Hey, it’s Scarlett Cole. Over Easter weekend, I spent a lot of time thinking about symbols and symbolism. They are a fascinating way of communicating. In faith/belief-based customs, there are so many. The Christian cross, the Taoism “yin and yang” which is called the taijitu, or the pentacle of Wicca.
Many symbols are universally recognized. Often because they have been adopted for decades or even centuries.
If you think about it, symbols have the power to communicate an entire idea, like the Nike swoosh. (As an aside, did you know the logo was designed by a broke female student at Portland State University for $35 after she was overhead complaining how she couldn’t afford to take the oil painting course she wanted to by Nike co-founder, Bill Bowerman? He offered her $2 an hour to come up with ideas and she spent 17.5 hours working on them!)
Or they can communicate a brand. Love it or hate it, we all know the McDonald’s Golden Arches when we see them. They originally started as an architectural feature of the actual buildings in the early fifties, but progressed to become the company logo ten years later.
You may ask what started me thinking about symbols. Well, it wasn’t Easter. It was a bottle of gin. If you follow me on Facebook, you’ll know gin is my favorite drink. And on Friday night, I saw a Manchester gin with Manchester’s “Bee” on it. Which made me wonder when and why the bee that I see everywhere in my hometown became the symbol of Manchester.
The bee was chosen as the symbol of Manchester to reflect the city’s hard working past, specifically during the industrial revolution, a period in history that, as an engineer, completely fascinates me. It is also said to allude to the “hive of activity” that thrived in and around the cotton mills. The organized, industrious social order of bee colonies has much to admire and offers an interesting parallel to life in Industrial Manchester.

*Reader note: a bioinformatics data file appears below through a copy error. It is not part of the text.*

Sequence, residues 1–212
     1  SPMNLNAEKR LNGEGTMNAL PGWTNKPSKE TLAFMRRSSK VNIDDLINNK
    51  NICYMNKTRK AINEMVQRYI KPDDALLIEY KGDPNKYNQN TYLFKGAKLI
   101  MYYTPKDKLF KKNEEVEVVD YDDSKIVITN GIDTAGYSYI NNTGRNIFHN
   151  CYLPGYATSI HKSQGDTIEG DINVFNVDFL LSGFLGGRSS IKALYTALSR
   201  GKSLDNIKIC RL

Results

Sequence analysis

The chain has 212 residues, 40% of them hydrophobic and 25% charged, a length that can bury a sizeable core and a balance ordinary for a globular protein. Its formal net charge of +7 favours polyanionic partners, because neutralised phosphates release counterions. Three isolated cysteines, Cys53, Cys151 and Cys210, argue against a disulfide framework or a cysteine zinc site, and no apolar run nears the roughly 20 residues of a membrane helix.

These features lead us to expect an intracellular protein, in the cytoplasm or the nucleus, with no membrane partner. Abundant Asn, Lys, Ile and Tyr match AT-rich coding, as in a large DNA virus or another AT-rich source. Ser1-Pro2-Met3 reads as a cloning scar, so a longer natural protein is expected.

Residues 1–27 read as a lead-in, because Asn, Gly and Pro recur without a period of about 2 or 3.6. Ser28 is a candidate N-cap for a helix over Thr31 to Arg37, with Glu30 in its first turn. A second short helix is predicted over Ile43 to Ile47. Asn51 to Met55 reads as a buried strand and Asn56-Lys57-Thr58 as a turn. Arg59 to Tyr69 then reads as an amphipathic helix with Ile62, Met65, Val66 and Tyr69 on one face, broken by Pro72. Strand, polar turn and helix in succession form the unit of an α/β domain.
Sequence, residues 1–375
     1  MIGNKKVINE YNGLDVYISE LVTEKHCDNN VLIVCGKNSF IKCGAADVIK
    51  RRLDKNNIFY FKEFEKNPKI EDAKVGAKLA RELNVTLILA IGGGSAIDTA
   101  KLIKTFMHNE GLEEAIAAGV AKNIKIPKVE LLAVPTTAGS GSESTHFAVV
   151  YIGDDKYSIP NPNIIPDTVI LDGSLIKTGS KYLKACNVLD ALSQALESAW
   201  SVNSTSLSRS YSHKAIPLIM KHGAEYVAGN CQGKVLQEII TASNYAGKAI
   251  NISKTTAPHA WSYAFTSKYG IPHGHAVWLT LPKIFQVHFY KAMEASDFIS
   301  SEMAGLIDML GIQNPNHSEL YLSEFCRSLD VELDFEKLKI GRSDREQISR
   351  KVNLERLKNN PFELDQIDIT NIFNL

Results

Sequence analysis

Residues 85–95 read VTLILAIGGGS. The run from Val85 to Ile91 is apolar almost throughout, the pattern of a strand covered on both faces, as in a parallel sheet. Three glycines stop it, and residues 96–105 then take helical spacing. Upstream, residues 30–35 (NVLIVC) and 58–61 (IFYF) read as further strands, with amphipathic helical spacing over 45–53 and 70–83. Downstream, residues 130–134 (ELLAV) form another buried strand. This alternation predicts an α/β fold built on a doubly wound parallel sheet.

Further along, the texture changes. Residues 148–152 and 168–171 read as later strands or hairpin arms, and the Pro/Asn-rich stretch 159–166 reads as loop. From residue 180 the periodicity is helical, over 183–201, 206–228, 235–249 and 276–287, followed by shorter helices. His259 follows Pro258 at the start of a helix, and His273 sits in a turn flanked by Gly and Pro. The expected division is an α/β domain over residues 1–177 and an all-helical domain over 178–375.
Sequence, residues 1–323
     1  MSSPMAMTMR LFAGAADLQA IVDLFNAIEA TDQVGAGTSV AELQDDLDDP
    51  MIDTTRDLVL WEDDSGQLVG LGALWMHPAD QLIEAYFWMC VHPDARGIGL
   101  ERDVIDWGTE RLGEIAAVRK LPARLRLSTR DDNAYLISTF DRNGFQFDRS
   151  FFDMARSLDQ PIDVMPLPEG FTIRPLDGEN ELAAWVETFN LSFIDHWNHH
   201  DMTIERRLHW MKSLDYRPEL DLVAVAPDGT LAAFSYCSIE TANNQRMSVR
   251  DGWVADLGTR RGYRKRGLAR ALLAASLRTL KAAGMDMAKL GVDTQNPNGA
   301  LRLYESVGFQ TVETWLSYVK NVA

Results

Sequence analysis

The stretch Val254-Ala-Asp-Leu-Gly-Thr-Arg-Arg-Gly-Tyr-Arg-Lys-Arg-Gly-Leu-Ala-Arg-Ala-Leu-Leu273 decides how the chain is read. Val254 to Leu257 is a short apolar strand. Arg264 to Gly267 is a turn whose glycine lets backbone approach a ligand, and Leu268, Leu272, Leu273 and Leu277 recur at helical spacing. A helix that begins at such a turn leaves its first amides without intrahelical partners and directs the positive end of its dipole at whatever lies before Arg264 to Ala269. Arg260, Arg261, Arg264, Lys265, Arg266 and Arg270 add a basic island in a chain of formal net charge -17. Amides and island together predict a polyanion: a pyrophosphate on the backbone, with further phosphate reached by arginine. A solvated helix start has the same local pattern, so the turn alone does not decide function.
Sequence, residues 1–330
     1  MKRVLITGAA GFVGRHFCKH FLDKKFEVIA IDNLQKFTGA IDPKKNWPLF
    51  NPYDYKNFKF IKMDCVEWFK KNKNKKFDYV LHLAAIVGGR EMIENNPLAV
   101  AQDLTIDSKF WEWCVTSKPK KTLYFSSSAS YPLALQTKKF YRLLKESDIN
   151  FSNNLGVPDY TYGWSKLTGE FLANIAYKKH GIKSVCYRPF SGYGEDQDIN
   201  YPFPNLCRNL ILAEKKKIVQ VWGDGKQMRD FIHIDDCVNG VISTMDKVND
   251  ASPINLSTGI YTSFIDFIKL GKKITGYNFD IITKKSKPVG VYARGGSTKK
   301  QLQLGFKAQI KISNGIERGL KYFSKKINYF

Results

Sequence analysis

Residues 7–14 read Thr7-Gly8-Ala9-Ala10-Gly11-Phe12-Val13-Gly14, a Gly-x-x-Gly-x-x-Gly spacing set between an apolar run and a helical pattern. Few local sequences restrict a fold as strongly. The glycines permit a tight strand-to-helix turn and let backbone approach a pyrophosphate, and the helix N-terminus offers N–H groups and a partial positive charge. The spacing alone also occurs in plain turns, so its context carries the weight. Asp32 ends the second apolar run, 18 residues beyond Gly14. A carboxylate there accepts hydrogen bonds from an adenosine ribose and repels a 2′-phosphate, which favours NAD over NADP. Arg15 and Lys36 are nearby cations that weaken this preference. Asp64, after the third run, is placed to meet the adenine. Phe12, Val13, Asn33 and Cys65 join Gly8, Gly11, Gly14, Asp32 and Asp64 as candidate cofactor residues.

The bee has been adopted universally by the city and there are many high-profile associations. For example, seven bees sit proudly on the Manchester coat of arms that was presented to the city in 1842. Beehive Mill, a former cotton mill, is a Grade II listed building in Manchester, built in the early 1820s. HMS Manchester, which was built in 1978 and decommissioned in 2011, was nicknamed Busy Bee. Manchester Town Hall is a Grade I Listed building completed in 1877, and the landing outside the Great Hall is known as the Bees due to its marble flooring, laid by Venetian craftsmen, featuring hundreds of bees and cotton flowers.
So now I know, and the symbol means even more now that I do.
What is the symbol for your hometown, and what does it mean to you?